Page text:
If the standard Docker image that is provided by Gitpod does not include all the tools you need for developing your project, you can provide a custom Docker image.
There are two ways to configure a custom Docker image in your
Reference a publicly available image:
The official Gitpod Docker images are hosted on Docker Hub.
Reference a Dockerfile next to your
image: file: .gitpod.dockerfile
The Docker image is rebuilt automatically whenever the Dockerfile changes.
A good starting point for creating custom Docker Images is the gitpod/workspace-full image. It already contains all the tools necessary to work with all languages Gitpod supports. You can find the source code in this GitHub repository.
FROM gitpod/workspace-full # install custom tools, runtime, etc.
When you are launching the Gitpod IDE, the local console will use the
gitpod user, so all local settings, config file, etc. should apply to
/home/gitpod or be run using
Switching users in the Dockerfile to
gitpod requires switching back to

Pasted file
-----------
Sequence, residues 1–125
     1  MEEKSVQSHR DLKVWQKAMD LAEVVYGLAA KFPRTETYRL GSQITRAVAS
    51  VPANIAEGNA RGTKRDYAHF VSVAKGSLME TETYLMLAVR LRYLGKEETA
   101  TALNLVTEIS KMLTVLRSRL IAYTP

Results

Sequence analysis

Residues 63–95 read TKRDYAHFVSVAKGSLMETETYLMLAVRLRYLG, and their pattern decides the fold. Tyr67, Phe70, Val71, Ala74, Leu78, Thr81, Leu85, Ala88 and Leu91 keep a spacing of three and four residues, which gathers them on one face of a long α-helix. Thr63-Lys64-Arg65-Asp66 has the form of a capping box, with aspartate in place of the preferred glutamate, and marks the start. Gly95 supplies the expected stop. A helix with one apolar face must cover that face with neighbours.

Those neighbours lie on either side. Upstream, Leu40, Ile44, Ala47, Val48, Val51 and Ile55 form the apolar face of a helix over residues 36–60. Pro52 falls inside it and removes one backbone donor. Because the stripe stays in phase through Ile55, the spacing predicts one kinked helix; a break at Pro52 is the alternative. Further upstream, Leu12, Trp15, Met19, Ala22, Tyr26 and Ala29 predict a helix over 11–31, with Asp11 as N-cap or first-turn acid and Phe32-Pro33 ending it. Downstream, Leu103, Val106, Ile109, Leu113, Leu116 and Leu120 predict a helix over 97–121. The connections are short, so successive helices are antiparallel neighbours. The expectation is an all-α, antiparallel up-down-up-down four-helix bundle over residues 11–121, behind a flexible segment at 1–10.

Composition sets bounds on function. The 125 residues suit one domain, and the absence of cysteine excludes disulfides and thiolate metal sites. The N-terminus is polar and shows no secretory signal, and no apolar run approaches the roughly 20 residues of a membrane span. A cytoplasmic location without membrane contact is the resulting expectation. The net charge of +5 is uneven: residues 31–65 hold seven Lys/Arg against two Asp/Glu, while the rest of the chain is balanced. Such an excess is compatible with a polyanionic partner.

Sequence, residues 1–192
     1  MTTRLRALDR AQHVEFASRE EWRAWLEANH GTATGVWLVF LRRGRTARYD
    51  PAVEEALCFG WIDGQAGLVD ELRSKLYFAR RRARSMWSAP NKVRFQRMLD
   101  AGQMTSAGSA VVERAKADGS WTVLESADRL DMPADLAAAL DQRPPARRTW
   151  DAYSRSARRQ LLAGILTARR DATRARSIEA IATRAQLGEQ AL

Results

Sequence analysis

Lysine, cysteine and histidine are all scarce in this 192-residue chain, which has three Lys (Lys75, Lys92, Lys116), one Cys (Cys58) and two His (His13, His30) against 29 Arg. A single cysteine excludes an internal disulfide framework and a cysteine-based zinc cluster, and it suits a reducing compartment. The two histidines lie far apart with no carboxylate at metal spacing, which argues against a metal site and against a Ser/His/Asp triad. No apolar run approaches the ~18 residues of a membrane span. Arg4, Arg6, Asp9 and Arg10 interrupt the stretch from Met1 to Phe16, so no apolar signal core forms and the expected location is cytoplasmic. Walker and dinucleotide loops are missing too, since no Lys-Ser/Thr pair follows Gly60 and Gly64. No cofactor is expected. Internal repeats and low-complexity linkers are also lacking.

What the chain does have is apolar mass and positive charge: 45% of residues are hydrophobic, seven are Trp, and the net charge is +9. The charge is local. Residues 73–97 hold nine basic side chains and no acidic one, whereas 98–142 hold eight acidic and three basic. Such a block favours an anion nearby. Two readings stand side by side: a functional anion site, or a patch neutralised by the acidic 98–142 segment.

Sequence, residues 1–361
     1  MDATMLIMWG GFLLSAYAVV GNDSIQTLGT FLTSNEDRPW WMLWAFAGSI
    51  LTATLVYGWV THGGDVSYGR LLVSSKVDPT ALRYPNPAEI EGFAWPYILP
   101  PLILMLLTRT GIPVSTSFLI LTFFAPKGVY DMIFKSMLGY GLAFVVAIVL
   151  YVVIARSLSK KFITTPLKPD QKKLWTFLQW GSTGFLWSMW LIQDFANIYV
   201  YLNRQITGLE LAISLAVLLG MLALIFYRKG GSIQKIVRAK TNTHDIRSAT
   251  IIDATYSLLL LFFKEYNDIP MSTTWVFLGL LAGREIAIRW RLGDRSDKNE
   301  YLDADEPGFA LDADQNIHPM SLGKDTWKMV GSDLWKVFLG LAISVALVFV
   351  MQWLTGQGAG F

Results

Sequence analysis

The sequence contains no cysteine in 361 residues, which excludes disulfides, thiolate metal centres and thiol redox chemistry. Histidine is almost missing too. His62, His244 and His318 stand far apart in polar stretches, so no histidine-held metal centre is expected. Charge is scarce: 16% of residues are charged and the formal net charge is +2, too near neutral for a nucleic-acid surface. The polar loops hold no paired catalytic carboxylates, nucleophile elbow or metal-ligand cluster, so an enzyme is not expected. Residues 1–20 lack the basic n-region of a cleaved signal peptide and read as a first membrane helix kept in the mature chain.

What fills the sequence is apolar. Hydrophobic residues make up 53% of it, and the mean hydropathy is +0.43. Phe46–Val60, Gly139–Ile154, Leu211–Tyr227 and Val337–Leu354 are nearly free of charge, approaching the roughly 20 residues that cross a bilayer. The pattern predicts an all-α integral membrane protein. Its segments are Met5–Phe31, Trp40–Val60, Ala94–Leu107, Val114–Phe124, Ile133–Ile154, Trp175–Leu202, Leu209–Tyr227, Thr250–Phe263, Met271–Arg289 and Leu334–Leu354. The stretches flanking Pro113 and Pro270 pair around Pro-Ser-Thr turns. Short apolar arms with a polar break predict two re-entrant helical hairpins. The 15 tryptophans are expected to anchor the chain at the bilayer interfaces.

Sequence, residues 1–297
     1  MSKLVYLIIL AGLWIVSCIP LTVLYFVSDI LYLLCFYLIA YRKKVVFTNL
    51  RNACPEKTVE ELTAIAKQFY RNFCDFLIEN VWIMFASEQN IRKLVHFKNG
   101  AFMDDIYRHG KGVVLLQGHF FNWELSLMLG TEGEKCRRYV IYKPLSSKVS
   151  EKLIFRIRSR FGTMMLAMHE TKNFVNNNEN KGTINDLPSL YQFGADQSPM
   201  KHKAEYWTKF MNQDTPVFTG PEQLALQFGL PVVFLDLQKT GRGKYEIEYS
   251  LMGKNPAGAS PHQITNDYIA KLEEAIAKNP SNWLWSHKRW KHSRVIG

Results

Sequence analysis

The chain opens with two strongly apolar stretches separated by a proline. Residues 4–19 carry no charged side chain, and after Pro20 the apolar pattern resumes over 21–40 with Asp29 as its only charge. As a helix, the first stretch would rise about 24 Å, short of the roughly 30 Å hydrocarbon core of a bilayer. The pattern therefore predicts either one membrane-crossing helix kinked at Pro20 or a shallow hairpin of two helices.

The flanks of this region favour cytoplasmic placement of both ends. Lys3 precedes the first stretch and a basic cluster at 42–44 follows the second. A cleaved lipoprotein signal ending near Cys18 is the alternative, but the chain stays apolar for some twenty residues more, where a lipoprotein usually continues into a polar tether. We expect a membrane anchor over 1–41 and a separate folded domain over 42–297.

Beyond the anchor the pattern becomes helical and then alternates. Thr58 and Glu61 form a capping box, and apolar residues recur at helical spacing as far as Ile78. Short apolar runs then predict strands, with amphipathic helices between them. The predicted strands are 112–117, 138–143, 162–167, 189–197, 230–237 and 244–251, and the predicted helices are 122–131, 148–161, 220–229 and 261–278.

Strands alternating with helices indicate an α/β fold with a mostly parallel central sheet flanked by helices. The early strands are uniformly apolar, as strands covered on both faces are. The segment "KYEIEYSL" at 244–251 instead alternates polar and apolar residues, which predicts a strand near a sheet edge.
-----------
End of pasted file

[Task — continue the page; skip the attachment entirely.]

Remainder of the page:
USER root at the end of the Dockerfile, so that the IDE can start. The following example shows a typical Dockerfile inheriting from
FROM gitpod/workspace-full:latest USER root # Install custom tools, runtime, etc. RUN apt-get update && apt-get install -y \ ... \ && apt-get clean && rm -rf /var/cache/apt/* && rm -rf /var/lib/apt/lists/* && rm -rf /tmp/* USER gitpod # Apply user-specific settings ENV ... # Give back control USER root
See also Gero’s blog post running through an example.
The easiest way to try out your changes is to push them to a branch and then start another workspace on that branch, keeping the first workspace open as your main editing workspace.
On start of the second workspace the docker build will start and show the output. If your Dockerfile has issues and the build fails or the resulting workspace does not look like you expected, you can force push changes to your config using your first, still running workspace and simply start a fresh workspace again to try them out.
We are working on allowing dockerbuilds directly from within workspaces, but until then this approach has been proven to be the most productive.